IBM surprises investors with return to growth in first quarter
After four consecutive quarters of revenue declines, IBM Corp. surprised investors today with 1% growth in quarterly revenue, sending its stock up more than 3% in after-hours trading and raising hopes that other technology giants could report similar surprises in the coming weeks.
Revenue rose to $17.73 billion from the same quarter a year ago and well ahead of analysts’ average estimate of $17.32 billion. Earnings per share of $1.77 also beat analysts’ estimate of $1.69.
The surprise was to some extent a matter of timing since revenues fell 2% when adjusted for constant currency. Still, any good financial news from IBM has been well received as of late and executives painted a bright picture of the upcoming quarter and the full year.
“We’re even more confident in the two key measures we put in place: revenue growth and cash flow,” said Chief Financial Officer James Kavanaugh. “We reiterated we will grow revenue overall for the year despite volatility and currency rates.”
“This is an excellent start to the year for the company that is all in on the cloud,” said Patrick Moorhead, president of Moor Insights & Strategy. “I think IBM’s best days are in front of it.”
Analysts who were hoping to gain new insight on the impending spinout of its $19 billion infrastructure services business were disappointed, as executives only reiterated their commitment to complete the deal by the end of the year. The new company, which will be called Kyndryl, consists largely of IBM’s existing Global Technology Services business.
Pandemic disruptions fading
Executives presented a generally upbeat picture of improving market conditions as COVID-19-related disruptions begin to subside. “The spend environment is improving overall compared to the fourth quarter,” said Chief Executive Arvind Krishna, while noting that localized pandemic-related lockdowns and supply chain disruptions continue to make forecasting difficult. “We see our clients accelerating their digital transformation, and as they do that our hybrid cloud piece comes to play very strongly.”
IBM has narrowed its strategic positioning under Krishna to a focus on hybrid cloud and artificial intelligence. The CEO called hybrid cloud a $1 trillion opportunity with less than 25% of workloads having moved to date. IBM said 3,000 clients are already using its hybrid cloud platform.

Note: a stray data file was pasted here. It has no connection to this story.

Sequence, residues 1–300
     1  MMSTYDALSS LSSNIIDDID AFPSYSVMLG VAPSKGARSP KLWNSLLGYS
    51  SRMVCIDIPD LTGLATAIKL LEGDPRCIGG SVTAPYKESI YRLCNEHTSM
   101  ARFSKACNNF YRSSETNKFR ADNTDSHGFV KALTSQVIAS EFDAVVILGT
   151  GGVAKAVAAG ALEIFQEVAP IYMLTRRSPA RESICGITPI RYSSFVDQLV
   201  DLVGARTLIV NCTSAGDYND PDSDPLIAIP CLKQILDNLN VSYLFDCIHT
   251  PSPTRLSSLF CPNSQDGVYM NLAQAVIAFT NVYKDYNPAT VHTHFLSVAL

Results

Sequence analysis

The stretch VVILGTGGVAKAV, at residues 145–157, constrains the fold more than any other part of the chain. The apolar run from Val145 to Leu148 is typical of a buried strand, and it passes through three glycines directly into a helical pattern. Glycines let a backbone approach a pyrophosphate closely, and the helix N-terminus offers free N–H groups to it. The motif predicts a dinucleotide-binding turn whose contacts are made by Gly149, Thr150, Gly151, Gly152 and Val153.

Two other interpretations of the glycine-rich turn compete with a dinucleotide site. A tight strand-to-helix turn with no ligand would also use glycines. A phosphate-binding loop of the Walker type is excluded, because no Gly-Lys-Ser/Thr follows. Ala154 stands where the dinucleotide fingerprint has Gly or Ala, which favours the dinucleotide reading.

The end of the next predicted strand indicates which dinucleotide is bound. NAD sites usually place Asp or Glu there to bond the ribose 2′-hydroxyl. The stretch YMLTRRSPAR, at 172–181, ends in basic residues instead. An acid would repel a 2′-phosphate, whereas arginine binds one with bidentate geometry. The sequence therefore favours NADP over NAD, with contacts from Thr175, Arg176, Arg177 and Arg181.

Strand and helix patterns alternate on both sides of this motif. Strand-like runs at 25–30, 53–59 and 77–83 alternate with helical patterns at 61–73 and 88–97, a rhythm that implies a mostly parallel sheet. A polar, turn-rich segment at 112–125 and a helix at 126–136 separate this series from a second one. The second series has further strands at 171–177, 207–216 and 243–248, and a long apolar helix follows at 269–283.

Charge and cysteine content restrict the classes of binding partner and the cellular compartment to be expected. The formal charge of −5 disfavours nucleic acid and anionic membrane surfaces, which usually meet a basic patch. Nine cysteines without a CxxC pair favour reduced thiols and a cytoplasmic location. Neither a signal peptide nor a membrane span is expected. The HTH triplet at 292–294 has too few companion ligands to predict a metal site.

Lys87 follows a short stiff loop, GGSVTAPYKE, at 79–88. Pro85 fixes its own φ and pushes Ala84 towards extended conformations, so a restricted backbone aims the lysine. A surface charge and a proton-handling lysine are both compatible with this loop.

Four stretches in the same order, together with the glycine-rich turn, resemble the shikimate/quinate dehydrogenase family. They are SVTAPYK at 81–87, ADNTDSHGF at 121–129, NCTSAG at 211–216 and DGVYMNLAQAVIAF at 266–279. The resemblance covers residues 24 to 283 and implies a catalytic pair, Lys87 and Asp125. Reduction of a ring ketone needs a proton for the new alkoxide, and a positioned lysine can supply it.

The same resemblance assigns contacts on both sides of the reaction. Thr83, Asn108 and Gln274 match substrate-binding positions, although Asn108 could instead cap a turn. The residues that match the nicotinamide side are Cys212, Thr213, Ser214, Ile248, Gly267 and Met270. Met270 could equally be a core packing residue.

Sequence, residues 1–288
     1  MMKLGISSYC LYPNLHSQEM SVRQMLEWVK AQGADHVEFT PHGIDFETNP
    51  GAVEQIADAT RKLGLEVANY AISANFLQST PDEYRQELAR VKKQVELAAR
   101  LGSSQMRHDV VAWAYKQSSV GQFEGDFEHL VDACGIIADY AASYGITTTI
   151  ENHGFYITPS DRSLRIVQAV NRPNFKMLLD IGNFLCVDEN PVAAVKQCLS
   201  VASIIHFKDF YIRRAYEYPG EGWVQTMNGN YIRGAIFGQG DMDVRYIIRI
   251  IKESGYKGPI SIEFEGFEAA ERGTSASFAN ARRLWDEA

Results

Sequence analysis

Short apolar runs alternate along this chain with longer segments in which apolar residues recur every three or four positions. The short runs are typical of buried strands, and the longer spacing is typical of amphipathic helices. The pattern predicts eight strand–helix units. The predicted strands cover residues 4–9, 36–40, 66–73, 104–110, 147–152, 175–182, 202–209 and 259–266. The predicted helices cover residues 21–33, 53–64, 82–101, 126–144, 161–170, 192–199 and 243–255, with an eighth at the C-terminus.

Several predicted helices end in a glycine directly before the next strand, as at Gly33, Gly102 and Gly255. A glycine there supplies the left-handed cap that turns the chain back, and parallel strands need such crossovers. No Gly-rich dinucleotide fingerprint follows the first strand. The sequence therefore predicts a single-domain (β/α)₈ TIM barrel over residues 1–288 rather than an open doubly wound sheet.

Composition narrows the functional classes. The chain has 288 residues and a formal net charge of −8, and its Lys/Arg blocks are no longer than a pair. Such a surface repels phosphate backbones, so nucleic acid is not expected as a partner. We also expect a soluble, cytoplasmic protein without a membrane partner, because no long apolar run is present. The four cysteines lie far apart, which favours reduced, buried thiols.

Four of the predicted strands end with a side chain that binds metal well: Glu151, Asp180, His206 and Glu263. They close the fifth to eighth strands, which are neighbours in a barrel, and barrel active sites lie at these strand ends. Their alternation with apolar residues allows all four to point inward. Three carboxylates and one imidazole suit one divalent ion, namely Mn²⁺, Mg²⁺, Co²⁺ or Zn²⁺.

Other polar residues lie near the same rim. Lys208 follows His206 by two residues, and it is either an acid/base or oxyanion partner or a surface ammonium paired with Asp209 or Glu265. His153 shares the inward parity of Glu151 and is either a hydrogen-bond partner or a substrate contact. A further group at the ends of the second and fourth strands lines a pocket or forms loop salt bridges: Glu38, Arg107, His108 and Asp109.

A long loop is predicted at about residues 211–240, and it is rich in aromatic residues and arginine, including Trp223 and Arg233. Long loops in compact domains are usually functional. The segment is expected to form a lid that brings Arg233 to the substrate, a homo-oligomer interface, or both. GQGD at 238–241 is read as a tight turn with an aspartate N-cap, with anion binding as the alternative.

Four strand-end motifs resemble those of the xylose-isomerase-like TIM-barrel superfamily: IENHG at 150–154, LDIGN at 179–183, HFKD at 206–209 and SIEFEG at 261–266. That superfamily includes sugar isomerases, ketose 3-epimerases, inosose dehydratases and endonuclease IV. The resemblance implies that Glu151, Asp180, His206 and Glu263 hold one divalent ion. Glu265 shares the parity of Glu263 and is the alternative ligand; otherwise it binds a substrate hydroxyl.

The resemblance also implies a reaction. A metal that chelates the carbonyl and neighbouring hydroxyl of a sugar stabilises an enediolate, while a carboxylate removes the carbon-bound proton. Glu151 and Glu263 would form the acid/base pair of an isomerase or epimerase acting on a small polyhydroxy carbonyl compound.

“The growth in IBM Cloud sales has to be especially gratifying, given the vital role it has in Krishna’s current strategy and future plans,” said Charles King, chief analyst at Pund-IT.
On a unit-by-unit basis, the company saw revenue increases of 4% in its Cloud & Cognitive Software business, 4% in Systems and 2% in Global Business Services. Total quarterly cloud revenue of $6.5 billion was up 21 percent and annualized cloud revenue of $26.3 billion was up 19%. Cloud revenue growth was particularly strong in GBS and Cognitive divisions, which grew 33% and 38%, respectively.
Systems revenue growth was led by the performance of the IBM Z mainframe line. Its sale growth of 49% was “very strong, especially six quarters into the product cycle,” Kavanaugh said. He said Z15 sales to date have now outpaced the performance of its predecessor Z14 platform.
The one dim spot in the report was a 1.5% revenue decline in Global Technology Services to $6.37 billion from $6.47 billion in the year-ago quarter. The figure still slightly beat Wall Street estimates but signings were down 27%.
Kavanaugh said the comparison of signings figures to a year ago was apples and oranges because the company closed two massive deals in the year-earlier period. “Not all signings are created equal,” he said. “We grew GTS signings north of 40% last year and we had another nice quarter of new [customers], which means we’re capturing new business despite the separation from Kyrndryl.”
Pund-IT analyst King agreed that the modest decline in GTS was no cause for concern. “It was considerably smaller than many expected,” he said. “That should be seen as good news for the Kyndryl spinoff.”
One reason GTS has prospered for so long is that it has responded objectively buyer needs, even if that meant buying non-IBM products, “a point that sometimes rankles the company’s hardware sales personnel,” King said. “However, IBM also gains additional value from those engagements as a trusted supplier when those same customers seek advice or solutions in areas apart from their GTS engagements. I doubt very much that Kyndryl will abandon that strategy.”
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